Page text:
Hackers recently infiltrated an unsecured Kubernetes console operated by Tesla, cloud defense platform provider RedLock said in a prepared statement. A Tesla Amazon Simple Storage Service (S3) bucket was left without password protection, and as a result, corporate data was exposed to cybercriminals.
In addition, hackers performed crypto mining during the cyberattack, RedLock indicated. They also used the following evasive measures to avoid discovery:
- Installation of mining pool software and configuration of malicious scripts to connect to an "unlisted" or semi-public endpoint; this often prevents standard IP/domain-based threat intelligence feeds from detecting malicious activity.
- Hiding the true IP address of the mining pool server behind free content delivery network (CDN) service Cloudflare. By registering for Cloudflare, hackers can set up a new IP address on-demand, thereby limiting the effectiveness of IP address-based detection of crypto mining activity.
- Configuration of mining pool software to listen on a non-standard port, which makes it tough to detect malicious activity based on port traffic.
RedLock reported the incident to Tesla, and the automaker has corrected the issue.
What Can MSSPs Learn from the Tesla Cryptojacking Attack?
Hackers are quickly shifting their focus from stealing data to stealing compute power in organizations' public cloud environments, RedLock said. As such, MSSPs must help customers detect crypto mining and other suspicious activities across fragmented cloud environments.
RedLock offered the following tips to ensure that MSSPs can help customers address cloud security dangers:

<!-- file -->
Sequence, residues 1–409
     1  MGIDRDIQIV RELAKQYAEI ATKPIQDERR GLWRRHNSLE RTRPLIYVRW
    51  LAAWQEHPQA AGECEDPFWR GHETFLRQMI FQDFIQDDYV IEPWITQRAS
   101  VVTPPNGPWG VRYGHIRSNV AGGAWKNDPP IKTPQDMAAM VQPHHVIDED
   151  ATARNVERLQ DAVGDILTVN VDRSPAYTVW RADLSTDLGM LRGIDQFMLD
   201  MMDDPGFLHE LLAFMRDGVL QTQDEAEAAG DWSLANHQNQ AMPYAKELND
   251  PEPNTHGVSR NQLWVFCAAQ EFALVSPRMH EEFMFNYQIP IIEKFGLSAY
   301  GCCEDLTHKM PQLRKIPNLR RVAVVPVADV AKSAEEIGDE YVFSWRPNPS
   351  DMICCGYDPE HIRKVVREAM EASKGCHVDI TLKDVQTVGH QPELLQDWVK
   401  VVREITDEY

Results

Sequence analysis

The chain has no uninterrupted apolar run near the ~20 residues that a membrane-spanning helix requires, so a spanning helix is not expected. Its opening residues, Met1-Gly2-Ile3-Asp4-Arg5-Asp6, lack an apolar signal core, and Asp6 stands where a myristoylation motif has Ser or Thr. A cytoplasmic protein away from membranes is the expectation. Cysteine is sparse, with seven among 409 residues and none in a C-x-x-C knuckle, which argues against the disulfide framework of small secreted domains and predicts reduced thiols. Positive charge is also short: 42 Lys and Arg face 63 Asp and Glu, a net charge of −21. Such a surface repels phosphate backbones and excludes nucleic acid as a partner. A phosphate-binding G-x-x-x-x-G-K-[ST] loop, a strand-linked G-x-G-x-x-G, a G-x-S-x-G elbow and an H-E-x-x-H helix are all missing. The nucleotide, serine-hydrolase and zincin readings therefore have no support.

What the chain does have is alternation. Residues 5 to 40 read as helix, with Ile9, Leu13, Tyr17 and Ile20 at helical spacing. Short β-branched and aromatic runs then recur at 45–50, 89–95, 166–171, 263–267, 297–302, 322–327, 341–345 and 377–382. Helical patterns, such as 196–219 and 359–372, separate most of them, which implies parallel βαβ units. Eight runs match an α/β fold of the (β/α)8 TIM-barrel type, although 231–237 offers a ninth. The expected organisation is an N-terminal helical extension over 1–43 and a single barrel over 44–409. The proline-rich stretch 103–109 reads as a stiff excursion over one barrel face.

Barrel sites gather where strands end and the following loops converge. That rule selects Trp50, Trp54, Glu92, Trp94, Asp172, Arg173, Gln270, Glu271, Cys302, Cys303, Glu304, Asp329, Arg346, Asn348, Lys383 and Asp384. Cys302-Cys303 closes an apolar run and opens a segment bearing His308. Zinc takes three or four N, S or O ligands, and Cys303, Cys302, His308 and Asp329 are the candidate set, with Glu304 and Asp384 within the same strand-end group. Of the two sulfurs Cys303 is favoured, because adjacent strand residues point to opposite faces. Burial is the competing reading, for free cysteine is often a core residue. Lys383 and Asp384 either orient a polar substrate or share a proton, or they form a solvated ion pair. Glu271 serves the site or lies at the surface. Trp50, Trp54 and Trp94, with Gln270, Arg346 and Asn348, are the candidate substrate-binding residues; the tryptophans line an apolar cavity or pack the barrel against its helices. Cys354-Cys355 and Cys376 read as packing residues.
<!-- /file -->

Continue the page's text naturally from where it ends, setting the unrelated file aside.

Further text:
- Monitor configurations. Deploy tools that can automatically discover resources as soon as they are created, determine the applications running on a resource and apply appropriate policies based on the resource or application type.
- Monitor network traffic. Evaluate network traffic and correlate it with configuration data to identify suspicious activities faster than ever before.
- Monitor for suspicious user activity. Establish a baseline for normal user activities and detect anomalous behaviors.
Organizations must monitor their infrastructure for risky configurations, anomalous user activities, suspicious network traffic and host vulnerabilities, RedLock Chief Technology Officer Gaurav Kumar said in a prepared statement. That way, organizations can protect their cloud environments against sophisticated cyberattacks both now and in the future.
Many Organizations Publicly Expose Sensitive Data on Cloud Storage Services
Most organizations using cloud storage services such as Amazon S3 and Microsoft Azure inadvertently expose one or more such services to the public, according to a RedLock report.
Key findings from the RedLock "Cloud Security Trends" report included:
- 83 percent of vulnerable hosts in the cloud received traffic from suspicious locations.
- 80 percent of organizational resources associated with security groups did not restrict outbound traffic.
- 66 percent of organizational databases were not encrypted.
- 58 percent of organizations publicly exposed at least one cloud storage service.
- 47 percent of organizations failed to meet PCI requirements, 44 percent did not comply with HIPAA requirements and 32 percent ignored SOC 2 best practices.
Monitoring public cloud environments for risky configurations and account compromises and deploying effective network intrusion detection solutions is key, RedLock noted. Organizations also should monitor ingress and egress network traffic for any suspicious activities, RedLock stated, and implement a "deny all" default outbound firewall policy to optimize their security strategies.